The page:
2 | Next, you need to create some ‘rules’ for yourself and know what to look for in a Hashtag. There are many schools of thought when it comes to hashtags, and much of it depends on the day and the social media account. I won’t make specific recommendations simply because that’s not the focus of this blog post, and that information would be dated pretty quickly. But here are some general rules that I personally follow, jot down anything you want to apply as your own rule on the Notes Page:
- Max out your use, in other words use as many hashtags as you can fit. Many sources say don’t do this – but the main reasoning is algorithms tend to penalize you for using too many by not showing you as ‘top’ or ‘trending’. However, unless that’s your main goal – it’s not very often that will happen, so instead of limiting my field in hopes of magically being featured for a minute – I maximize who will see my post instead.
- That being said, experiment! You may find that using less hashtags works for you, some may find that using more works for them. Since the algorithms are secret, the only hing you can do is experiment!
- Vary the size of the hashtag. I try to make half my list 100k+ minimum posts, and half under 20k. While popular hashtags can potentially put you in front of a lot of people, it also means its fast moving and more chance for you to get buried before ANYONE can see it. By varying the post count you ensure some move slower than others leaving more opportunity for people to see it, while also putting in popular places.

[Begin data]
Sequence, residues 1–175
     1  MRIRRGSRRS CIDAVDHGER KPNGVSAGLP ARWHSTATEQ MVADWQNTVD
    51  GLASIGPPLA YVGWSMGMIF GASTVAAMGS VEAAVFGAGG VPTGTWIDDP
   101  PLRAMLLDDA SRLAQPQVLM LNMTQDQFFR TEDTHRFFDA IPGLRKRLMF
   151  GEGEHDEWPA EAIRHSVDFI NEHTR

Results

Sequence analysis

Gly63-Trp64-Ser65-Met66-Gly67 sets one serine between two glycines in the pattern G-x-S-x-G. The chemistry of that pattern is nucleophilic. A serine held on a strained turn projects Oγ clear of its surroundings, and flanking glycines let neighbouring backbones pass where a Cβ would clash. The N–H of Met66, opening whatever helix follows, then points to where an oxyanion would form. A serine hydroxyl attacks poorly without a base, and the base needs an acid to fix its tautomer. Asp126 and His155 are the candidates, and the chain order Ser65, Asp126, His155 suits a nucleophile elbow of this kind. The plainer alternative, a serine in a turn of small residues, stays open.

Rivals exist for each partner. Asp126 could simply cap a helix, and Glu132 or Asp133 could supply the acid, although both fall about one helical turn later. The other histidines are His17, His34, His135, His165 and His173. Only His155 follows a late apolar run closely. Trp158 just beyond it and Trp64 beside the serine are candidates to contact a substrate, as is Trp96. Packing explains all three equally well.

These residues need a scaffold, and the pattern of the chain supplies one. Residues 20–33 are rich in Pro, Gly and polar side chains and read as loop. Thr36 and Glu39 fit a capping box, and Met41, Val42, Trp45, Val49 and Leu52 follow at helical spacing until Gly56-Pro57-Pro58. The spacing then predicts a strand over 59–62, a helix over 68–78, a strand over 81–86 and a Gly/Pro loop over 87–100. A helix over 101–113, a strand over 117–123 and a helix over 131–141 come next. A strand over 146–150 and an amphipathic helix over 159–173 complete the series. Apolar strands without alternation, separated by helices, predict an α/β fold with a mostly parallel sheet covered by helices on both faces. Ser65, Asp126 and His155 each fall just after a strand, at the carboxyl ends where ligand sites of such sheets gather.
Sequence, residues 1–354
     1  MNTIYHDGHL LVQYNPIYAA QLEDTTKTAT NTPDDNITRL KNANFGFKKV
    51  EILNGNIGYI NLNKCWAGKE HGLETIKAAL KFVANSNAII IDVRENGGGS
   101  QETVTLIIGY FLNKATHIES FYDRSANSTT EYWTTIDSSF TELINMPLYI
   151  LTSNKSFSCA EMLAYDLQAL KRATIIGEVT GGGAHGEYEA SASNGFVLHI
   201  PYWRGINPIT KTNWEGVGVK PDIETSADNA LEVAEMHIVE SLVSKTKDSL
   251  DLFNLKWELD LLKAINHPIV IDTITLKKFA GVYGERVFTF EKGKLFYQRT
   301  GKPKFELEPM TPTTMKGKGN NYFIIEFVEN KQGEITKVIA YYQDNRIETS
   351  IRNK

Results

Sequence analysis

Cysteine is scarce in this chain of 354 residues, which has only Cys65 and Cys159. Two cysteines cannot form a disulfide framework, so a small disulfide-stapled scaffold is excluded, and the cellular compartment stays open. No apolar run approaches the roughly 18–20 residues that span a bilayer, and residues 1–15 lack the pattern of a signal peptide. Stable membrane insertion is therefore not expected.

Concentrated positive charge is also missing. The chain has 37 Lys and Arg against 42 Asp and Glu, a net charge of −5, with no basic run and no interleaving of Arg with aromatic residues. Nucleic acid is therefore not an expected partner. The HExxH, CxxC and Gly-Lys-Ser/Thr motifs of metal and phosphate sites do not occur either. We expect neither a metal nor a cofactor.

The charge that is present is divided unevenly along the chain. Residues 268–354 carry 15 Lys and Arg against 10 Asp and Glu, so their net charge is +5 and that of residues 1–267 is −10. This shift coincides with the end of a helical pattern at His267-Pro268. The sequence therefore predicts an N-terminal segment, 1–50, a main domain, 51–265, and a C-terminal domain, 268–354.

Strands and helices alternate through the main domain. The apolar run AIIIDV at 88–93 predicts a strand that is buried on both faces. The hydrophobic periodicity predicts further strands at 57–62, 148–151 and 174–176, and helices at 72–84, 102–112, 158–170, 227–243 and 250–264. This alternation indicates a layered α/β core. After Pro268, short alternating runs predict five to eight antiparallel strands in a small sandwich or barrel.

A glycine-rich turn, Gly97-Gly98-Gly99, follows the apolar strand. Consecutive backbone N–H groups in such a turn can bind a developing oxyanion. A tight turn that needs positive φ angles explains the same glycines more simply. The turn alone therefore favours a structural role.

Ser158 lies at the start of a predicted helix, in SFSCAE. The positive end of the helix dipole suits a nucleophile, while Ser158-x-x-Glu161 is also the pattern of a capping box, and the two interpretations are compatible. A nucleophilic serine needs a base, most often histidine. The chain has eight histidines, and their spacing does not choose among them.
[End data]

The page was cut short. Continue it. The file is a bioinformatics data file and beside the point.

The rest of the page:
- Before deciding to use a specific hashtag – check it. Whats the history on it? Besides the total post count, is it often used use it for ‘other’ reasons besides the reason you want to use it? Do days go by without people posting to it (besides daily hashtags)? Check the ‘top’ or ‘trending’ posts, do they have 10 likes or 1k likes?
- Don’t be generic. Yes you may have cookies in your picture, but is tagging ‘cookies’ going to get you likes from your audience? Well, it may if you’re a baker – but other than that, it won’t help! Be specific to your audience and the content you are sharing.
- Limit the custom hashtags to one, maybe two if necessary. For example if I had a product and wanted my brand to be known for it, and people to share I may use #arianadagan, and if I happen to have a campaign or challenge running and my post was relevant to that – I would throw that in as well. But if its not, don’t use it. And if you’ve created additional hashtags – take a moment to consider whether they are worth it. Separate challenges is one thing, you wouldn’t cross-post using them. But if I wanted to do #arianadaganquotes and #arianadaganblogtips – its worth rethinking. Typically we create a hashtag for a specific reason, to organize something or allow other people to use it. If I posted a tip everyday, that may be worth it – but if it’s occasionally, is anyone ever really going to click it? Probably not.